Phase II trial of cisplatin/etoposide and concurrent radiotherapy followed by paclitaxel/carboplatin consolidation for limited small-cell lung cancer: Southwest Oncology Group 9713

Martin J. Edelman, Kari Chansky, Laurie E. Gaspar, Bryan Leigh, Geoffrey R. Weiss, Sarah A. Taylor, John Crowley, Robert B Livingston, David R. Gandara

Research output: Contribution to journalArticle

27 Scopus citations


Purpose: Limited small-cell lung cancer (LSCLC) is characterized by a high initial response rate to chemoradiotherapy, but local or systemic relapse occurs in the majority of patients. Previous Southwest Oncology Group trials in LSCLC have utilized cisplatin and etoposide (PE) delivered concurrently with thoracic radiotherapy followed by two consolidation cycles. Newer chemotherapy regimens such as paclitaxel and carboplatin are active in small-cell lung cancer and hold the promise of improving both local and systemic control. S9713 evaluated the substitution of paclitaxel and carboplatin for PE consolidation in LSCLC. Patients and Methods: Between July 1998 and August 1999, 96 patients were accrued from 43 institutions. Eighty-nine patients were eligible; 87 were assessable for survival and response. Treatment consisted of cisplatin 50 mg/m2 on days 1, 8, 29, and 36, and etoposide 50 mg/m2 on days 1 to 5 and days 29 to 33, with concurrent radiotherapy of 61 Gy beginning on day 1. Consolidation therapy was carboplatin (area under the curve = 6) and paclitaxel 200 mg/m2, both drugs administered on day 1 of a 21 day cycle for three cycles. Results: The response rate was 86% (complete response, 33%; partial response, 53%). Median overall survival was 17 months (95% CI, 12.7 to 19.0). One- and 2-year overall survivals were 61% and 33%, respectively. Median progression-free survival (PFS) was 9 months, 1-year PFS was 40%, and 2-year PFS was 21%. Conclusion: Consolidation therapy with paclitaxel and carboplatin in LSCLC resulted in an outcome similar to that seen in prior Southwest Oncology Group trials. This study and others which have tested paclitaxel in small-cell lung cancer dampens enthusiasm for this agent in the primary management of LSCLC.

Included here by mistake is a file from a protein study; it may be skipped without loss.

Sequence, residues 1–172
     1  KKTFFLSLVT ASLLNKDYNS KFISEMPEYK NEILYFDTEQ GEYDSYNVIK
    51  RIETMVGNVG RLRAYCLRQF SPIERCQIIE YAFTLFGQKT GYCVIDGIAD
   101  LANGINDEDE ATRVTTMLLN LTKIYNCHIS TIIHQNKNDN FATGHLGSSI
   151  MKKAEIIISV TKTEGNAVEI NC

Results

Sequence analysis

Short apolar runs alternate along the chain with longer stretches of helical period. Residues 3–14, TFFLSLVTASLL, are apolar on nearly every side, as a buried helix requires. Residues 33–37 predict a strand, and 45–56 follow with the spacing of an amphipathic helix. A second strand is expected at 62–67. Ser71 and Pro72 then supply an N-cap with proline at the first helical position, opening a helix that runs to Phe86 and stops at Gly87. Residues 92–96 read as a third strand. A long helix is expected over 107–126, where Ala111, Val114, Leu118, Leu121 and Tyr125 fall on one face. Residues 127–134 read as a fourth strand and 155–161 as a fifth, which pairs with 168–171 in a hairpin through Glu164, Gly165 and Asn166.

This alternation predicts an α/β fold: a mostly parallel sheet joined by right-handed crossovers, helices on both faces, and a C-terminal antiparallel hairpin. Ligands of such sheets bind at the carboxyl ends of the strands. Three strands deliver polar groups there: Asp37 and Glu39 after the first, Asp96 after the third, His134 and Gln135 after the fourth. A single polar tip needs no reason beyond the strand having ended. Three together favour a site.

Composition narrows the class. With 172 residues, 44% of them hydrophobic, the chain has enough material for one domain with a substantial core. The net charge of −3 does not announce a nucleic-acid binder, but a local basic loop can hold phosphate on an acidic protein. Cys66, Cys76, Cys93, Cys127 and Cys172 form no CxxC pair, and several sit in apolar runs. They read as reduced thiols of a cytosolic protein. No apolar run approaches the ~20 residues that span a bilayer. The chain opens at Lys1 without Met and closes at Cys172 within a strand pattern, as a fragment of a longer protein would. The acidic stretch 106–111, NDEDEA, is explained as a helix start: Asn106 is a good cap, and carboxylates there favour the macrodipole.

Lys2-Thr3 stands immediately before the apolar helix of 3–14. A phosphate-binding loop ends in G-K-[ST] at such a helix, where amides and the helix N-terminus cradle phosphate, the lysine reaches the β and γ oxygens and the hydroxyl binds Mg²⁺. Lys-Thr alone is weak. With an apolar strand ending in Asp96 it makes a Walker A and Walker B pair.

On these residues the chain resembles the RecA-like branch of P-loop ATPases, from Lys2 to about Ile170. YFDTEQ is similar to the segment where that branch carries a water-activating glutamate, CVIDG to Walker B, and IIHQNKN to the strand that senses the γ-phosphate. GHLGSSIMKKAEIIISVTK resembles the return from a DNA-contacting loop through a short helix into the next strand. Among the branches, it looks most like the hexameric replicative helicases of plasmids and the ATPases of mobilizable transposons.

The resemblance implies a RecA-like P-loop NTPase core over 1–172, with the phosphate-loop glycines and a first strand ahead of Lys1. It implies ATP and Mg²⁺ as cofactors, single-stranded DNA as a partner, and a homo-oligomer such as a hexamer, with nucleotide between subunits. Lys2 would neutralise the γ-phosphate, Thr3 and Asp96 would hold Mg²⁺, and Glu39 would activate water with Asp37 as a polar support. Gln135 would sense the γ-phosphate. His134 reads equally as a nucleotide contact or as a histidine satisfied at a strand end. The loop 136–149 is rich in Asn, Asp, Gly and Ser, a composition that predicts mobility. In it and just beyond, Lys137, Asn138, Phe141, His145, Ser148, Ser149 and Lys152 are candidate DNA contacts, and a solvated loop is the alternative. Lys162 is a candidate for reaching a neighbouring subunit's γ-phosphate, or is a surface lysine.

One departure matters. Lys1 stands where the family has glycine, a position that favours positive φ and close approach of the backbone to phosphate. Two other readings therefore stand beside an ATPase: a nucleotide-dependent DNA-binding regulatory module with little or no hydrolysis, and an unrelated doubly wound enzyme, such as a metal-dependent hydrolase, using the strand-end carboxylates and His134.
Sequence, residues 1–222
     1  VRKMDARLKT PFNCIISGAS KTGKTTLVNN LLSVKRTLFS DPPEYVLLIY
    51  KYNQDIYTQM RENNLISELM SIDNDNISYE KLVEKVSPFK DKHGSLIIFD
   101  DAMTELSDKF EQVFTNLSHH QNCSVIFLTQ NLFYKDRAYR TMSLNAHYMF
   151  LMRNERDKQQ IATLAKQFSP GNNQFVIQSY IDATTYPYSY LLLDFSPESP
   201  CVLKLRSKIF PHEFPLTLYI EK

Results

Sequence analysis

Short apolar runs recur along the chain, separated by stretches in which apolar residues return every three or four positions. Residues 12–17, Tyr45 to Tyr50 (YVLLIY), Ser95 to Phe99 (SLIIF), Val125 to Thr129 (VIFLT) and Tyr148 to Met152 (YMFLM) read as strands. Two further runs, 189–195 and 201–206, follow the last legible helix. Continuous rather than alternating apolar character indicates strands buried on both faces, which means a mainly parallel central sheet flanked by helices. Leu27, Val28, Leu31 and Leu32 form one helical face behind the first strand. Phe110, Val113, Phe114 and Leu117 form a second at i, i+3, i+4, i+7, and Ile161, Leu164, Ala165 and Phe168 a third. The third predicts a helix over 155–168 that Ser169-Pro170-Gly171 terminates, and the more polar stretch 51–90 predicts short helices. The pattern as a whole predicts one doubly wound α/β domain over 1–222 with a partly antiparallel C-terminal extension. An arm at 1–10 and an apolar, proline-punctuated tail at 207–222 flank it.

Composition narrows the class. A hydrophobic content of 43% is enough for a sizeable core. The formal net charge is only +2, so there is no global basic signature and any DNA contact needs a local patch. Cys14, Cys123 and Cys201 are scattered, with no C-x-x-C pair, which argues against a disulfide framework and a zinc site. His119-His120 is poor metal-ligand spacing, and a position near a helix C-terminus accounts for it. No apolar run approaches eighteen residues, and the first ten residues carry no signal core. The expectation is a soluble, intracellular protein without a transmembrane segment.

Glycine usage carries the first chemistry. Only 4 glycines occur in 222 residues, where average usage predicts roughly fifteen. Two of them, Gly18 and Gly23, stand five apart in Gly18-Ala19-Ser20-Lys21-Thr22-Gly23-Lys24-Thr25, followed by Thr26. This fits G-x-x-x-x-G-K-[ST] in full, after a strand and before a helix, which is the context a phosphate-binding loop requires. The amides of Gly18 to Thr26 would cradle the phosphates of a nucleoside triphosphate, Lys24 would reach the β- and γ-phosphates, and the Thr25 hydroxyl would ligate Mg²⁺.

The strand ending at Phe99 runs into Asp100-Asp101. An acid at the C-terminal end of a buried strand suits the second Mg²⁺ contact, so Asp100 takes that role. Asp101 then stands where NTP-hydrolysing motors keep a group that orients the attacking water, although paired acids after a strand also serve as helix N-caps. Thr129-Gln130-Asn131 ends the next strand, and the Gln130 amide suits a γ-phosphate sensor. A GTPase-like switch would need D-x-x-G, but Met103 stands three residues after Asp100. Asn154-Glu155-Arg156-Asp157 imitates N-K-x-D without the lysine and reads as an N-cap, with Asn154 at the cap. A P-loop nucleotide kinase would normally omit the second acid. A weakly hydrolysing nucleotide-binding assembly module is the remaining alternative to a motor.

Original languageEnglish (US)
Pages (from-to)127-132
Number of pages6
JournalJournal of Clinical Oncology
Issue number1
Publication statusPublished - 2004
Externally publishedYes


ASJC Scopus subject areas

  • Cancer Research
  • Oncology

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